My return flight on JetBlue was my first flight with the airline in a while after avoiding it due to lackluster on-time performance.
Thankfully, my flight was operating on time and I was delighted to experience its long-awaited, newly refined boarding procedure; the carrier has finally adopted boarding groups instead of just shouting rows.
As I settled into my regular economy aisle seat I quickly remembered how much I enjoy flying JetBlue. This Mint-equipped Airbus A321 features 32 inches of pitch in economy, two inches down from its original A320s but still about an inch or two more than most other airlines.
The 18-inch wide seat was plenty roomy even with the middle seat occupied, and the nice touch of a bottle holder in the seatback helped to declutter the space a bit more.
Two power outlets per three seats are available in economy, but outlets are hidden under the seat and are damn near impossible to find if you can figure out that they’re even there to begin with.
While Alaska offers only streaming media, JetBlue has stuck with its seatback LiveTV system. While there are 100+ channels of DirecTV on offer, I almost never watch live television at home. JetBlue offers a selection of on-demand movies, but the content catalogue comes nowhere close to what Alaska offers. The touch interface is also clunky, slow to respond to touch, and a bit buggy. JetBlue continues to install this lackluster LiveTV system but will eventually switch over to a more fully featured AVANT system from Thales.
My phone prompted me to log into the free FlyFi network, which was ready to go before the boarding door even closed.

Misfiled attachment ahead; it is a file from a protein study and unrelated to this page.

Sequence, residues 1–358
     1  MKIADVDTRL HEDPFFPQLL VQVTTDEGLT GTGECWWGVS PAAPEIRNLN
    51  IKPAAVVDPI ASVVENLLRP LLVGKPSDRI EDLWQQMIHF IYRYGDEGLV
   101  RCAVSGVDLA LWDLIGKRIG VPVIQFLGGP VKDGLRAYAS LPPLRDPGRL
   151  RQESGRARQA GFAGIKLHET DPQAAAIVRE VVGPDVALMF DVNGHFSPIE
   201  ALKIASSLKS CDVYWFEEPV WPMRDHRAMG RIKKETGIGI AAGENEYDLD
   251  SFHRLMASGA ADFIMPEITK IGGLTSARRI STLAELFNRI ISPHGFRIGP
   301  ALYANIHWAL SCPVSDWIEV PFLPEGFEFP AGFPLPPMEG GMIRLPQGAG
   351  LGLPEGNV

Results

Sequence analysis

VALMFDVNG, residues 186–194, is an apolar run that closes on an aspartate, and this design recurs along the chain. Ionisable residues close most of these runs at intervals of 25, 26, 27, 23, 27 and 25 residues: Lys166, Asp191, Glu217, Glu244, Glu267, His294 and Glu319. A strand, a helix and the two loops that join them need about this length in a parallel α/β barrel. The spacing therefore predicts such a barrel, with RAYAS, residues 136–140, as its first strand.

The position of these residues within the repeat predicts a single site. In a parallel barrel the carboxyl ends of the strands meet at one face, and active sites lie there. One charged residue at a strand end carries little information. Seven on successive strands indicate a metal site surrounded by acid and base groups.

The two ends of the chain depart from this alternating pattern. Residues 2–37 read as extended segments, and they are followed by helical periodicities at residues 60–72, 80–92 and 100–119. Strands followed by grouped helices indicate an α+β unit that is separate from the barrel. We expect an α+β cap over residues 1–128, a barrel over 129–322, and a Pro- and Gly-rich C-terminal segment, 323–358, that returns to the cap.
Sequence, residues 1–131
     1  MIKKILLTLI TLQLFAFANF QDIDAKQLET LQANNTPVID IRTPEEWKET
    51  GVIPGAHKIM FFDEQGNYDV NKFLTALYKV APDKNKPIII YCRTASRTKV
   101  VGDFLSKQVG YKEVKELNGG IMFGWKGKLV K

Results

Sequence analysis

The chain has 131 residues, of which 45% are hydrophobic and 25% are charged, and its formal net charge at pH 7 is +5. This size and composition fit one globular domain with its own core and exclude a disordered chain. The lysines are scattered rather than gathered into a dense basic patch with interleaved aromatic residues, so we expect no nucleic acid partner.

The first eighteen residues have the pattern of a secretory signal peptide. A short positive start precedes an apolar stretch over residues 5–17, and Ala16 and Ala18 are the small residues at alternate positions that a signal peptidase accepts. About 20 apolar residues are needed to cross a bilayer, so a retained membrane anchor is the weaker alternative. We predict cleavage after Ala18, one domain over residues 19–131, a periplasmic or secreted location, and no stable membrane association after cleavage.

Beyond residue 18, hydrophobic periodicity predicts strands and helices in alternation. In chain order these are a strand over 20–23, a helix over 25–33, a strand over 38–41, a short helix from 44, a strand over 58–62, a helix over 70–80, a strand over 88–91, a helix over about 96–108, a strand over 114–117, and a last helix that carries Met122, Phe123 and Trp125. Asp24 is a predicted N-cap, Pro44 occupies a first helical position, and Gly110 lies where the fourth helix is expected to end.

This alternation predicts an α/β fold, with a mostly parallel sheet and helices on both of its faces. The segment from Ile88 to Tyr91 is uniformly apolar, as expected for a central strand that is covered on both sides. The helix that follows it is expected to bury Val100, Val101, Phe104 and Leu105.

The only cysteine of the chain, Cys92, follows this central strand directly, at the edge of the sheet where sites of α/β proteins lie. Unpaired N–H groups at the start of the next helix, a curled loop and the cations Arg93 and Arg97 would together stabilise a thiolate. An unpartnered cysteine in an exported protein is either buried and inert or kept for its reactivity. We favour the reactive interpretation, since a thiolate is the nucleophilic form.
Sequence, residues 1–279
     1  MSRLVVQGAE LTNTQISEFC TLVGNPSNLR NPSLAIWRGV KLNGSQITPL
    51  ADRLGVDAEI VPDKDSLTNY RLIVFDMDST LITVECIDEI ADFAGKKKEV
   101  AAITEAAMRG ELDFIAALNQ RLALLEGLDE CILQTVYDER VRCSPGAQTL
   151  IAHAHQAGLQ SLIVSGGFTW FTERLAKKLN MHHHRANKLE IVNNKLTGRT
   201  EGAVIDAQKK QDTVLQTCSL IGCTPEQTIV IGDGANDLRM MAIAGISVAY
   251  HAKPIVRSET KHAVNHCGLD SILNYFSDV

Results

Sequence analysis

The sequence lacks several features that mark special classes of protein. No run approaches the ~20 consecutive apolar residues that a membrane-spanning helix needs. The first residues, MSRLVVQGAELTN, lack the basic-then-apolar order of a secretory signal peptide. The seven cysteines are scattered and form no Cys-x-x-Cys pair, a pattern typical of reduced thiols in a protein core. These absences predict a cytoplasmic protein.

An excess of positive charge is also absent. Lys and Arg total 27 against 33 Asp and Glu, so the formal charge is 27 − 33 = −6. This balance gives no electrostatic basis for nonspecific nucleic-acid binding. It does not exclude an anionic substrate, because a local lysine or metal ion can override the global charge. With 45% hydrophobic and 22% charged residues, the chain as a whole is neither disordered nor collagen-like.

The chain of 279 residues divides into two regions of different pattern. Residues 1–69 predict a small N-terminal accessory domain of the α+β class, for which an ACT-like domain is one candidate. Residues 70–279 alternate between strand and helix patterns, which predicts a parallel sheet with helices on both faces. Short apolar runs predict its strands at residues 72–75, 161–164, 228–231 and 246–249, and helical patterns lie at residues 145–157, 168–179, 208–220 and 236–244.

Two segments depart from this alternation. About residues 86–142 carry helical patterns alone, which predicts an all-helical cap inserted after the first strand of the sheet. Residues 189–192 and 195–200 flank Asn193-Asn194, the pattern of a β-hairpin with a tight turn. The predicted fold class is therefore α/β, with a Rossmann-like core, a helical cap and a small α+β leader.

The Viasat Ka-band satellite powered Wi-Fi effortlessly streamed our departure from SeaTac on Periscope. My seatmate streamed Hulu from coast to coast without a bit of buffering, while I streamed YouTube TV and YouTube without much buffering but at low bitrates.
The connection appeared to be throttled to between 140 and 200 Kbps which allowed for video to be streamed at 480p SD after about 20 seconds of buffering. Considering the price tag of $0, I was happy to put up with the buffering.
JetBlue continues to offer a generous assortment of free snacks, paired with the innovative self-service marketplace on this Mint A321. I waited to try JetBlue’s recently overhauled buy-on-board selection, finally offered on a growing number of routes beyond just New York to California.
I opted for the $12 Turkey & Pepperjack Sandwich, with an effective cost of $6 as the free JetBlue Barclays card offers 50% off most inflight purchases. Had I paid the full $12, though, I would have been very grumpy. The packaging provided no surface to cleanly eat the sandwich, with rocket lettuce falling all over the tray table. The “rustic baguette” was soggy, sun-dried tomato aioli lacking and cheese fairly flavorless. At least the turkey seemed to be of decent quality. Skip this sandwich on your next flight and load up on blue chips or eat before flying.
Both Alaska and JetBlue are excellent alternatives to the big US three, each offering distinct product differentiators compared to their bigger cousins and even between the two of them. On these longer flights, I prefer JetBlue purely for the seat comfort and free Wi-Fi, though Alaska clearly has the edge in onboard catering and entertainment, so long as you bring your own device. There is no real clear winner between these two airlines, as they each bring different qualities to the table. To each their own.
- Thales’ work to grow US footprint is harder with JetBlue pivot
- Virgin is Alaska’s new weapon in US premium transcon battle
- Thales STV+ set to fly on JetBlue’s A320 fleet
- JetBlue eager to stay the course with free broadband Internet
- Thinking about Virgin Alaska’s premium #PaxEx opportunity
- Alaska calling? Why JetBlue is a good fit for Virgin America
- JetBlue hits major milestones with Fly-Fi rollout
- Alaska Airlines begins upgrade to faster Gogo inflight Internet